Donald Ault is Professor of English at the University of Florida. He is the author of Visionary Physics: Blake’s Response to Newton and Narrative Unbound: Re-Visioning William Blake’s The Four Zoas, co-editor of Critical Paths: Blake and the Argument of Method, and editor of Carl Barks: Conversations. He served as consultant and contributor to The Carl Barks Library of Walt Disney’s Donald Duck and Uncle Scrooge and The Barks Library in Color. His work has appeared in journals such as Studies in Romanticism, Modern Philology, Eighteenth-Century Studies, The Wordsworth Circle, The Keats-Shelley Journal, and The Comics Journal, as well as in various essay collections, including Comics & Culture: Analytical and Theoretical Approaches to Comics. He was executive producer and editorial supervisor for the video production The Duck Man: An Interview with Carl Barks.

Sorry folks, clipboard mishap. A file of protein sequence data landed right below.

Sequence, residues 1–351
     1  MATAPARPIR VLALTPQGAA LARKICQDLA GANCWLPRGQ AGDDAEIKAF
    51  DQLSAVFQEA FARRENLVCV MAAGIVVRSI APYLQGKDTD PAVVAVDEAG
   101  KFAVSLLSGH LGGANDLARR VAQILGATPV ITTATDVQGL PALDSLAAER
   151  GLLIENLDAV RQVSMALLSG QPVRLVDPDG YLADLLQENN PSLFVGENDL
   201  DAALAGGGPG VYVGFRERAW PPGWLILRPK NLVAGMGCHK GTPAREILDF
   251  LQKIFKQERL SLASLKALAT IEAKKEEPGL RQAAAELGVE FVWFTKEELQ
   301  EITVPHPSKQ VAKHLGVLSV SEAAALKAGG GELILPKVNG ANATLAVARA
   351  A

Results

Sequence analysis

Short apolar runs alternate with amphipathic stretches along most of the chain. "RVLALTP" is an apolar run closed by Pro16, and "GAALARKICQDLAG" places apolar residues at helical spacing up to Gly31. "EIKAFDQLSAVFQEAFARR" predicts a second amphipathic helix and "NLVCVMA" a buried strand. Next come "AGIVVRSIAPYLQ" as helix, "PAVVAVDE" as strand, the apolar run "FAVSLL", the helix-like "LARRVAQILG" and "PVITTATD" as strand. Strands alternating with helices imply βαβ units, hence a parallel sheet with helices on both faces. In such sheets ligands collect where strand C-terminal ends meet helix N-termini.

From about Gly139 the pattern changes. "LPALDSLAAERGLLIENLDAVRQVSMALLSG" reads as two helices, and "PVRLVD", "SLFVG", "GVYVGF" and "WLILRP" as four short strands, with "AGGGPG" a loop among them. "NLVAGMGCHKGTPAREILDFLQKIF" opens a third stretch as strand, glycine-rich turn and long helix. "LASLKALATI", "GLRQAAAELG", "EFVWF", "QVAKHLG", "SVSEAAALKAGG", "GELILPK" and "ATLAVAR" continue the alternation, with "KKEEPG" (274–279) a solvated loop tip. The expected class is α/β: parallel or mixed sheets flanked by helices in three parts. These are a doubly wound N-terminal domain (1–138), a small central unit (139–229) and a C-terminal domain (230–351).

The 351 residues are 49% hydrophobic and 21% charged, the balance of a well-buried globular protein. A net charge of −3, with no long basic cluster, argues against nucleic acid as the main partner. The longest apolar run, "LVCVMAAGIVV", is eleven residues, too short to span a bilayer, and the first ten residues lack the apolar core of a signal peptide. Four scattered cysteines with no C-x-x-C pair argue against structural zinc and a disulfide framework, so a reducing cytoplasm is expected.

Ron Broglio is an Associate Professor at Georgia Institute for Technlogy’s School of Literature, Communication, and Culture where he teaches and researches 18th century and British Romantic literature. He is finalizing a book project, Landscape and Technology: British Art, Poetry, and Instruments 1760-1830, which addresses cartographic, meteorological, and agrarian technologies in British landscape aesthetics during the 18th century. He has published essays on William Blake in Visible Language, TEXT Technology, The Wordsworth Circle and Praxis. Ron has recently authored a variety of essays on contemporary animals in art and culture including an essay on pets in Reykjavík recently translated into Icelandic, artists diving with sharks and painting them under water, and an essay on the Tendergene, a recently trademarked product used in contemporary cattle breeding.